Monday, April 10, 2017


“The theory for the Invisible Hand states that if each consumer is allowed to choose freely what to buy and each producer is allowed to choose freely what to sell and how to produce it, the market will settle on a product distribution and prices that are beneficial to all the individual members of a community, and hence to the community as a whole. The reason for this is that self-interest drives actors to beneficial behavior in a case of serendipity.”
Allowing for the open nature of CORA, where anybody may ask any question and anybody may respond with any reply they care to make, the above statement is extraordinarily wishful thinking. It is more political than a statement from economics (similar statements in identical words have appeared on the internet recently, suggesting a common source).
Which “theory of the invisible hand” and from which author mades such an assertion as the one in CORA?
It most certaintly did not come from Adam Smith (1723-90).
Self interest” may “drive actors to beneficial behaviour”.
It also may drive them to private benefits at the expense of their customers!
Adam Smith discussed this latter group several times, for which he noted there was “no remedy”. Some individuals are beyond self-restraint unless the law intervenes. Moreover, some of these individuals are powerful enough to legally do what is anti-social by such behaviours as persuading governments to impose import tariffs on goods that raises their prices and gives a competitive advantage to domestic producers at the expense of domestic consumers. In more extreme cases, import tariffs are extended into outright import bans giving domestic producers an ouright incentive to raise their prices even higher.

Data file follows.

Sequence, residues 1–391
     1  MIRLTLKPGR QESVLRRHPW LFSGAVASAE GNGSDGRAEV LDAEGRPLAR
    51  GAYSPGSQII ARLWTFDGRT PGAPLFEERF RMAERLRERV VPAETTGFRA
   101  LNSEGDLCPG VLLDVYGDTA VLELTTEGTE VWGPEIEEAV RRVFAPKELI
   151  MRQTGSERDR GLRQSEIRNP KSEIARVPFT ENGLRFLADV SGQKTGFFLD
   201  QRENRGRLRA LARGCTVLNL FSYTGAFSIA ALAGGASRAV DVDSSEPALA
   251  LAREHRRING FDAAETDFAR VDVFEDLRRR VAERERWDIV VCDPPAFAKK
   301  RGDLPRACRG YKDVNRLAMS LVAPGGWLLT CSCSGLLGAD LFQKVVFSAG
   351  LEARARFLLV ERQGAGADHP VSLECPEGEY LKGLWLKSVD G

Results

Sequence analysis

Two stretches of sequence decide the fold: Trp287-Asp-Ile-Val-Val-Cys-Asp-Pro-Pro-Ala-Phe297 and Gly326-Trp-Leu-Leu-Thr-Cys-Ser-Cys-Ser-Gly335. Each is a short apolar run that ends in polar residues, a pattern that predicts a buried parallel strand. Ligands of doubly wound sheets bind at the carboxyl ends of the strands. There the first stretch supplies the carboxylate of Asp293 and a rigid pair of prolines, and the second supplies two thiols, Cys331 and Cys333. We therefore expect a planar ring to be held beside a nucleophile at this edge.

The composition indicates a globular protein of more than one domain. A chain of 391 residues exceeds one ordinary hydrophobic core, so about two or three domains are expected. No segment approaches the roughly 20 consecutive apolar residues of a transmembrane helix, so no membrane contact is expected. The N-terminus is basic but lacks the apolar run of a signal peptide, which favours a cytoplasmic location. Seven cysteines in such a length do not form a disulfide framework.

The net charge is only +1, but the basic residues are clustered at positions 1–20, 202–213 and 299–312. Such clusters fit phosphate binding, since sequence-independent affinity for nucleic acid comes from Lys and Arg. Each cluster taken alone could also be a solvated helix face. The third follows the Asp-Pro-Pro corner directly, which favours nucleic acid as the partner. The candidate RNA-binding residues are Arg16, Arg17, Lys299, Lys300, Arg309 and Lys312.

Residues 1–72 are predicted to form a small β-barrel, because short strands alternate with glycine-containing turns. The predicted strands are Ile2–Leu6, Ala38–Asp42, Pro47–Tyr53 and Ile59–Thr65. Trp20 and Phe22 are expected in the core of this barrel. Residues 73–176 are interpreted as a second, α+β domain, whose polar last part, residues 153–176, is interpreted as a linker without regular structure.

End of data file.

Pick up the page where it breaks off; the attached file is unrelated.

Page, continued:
How and where the so-called “invisible hand” operates as stated in the initial statement above is left unstated. 
Markets work best through VISIBLE prices. There is no INVISIBLE HAND! 
It was a metaphor used by Adam Smith for the motivated actions of a merchant who invested his capital employing local labour for wages that employees spent in the domestic economy, and the merchant bought inputs from other local merchants, needed for that his domestic production, both of which  added to DOMESTIC output that benefitted the domestic economy.
That inevitable consequence of the motivated merchant’s economic activity was a “public benefit”, claimed Adam Smith.
Those are  the economics behind the metaphor of “an invisible hand” as used by Adam Smith.
Almost all comments by modern economists and politically motivated commentators on the so-called “invisible hand” have nothing to do with Adam Smith.Neither are they true in themselves.


Post a Comment

<< Home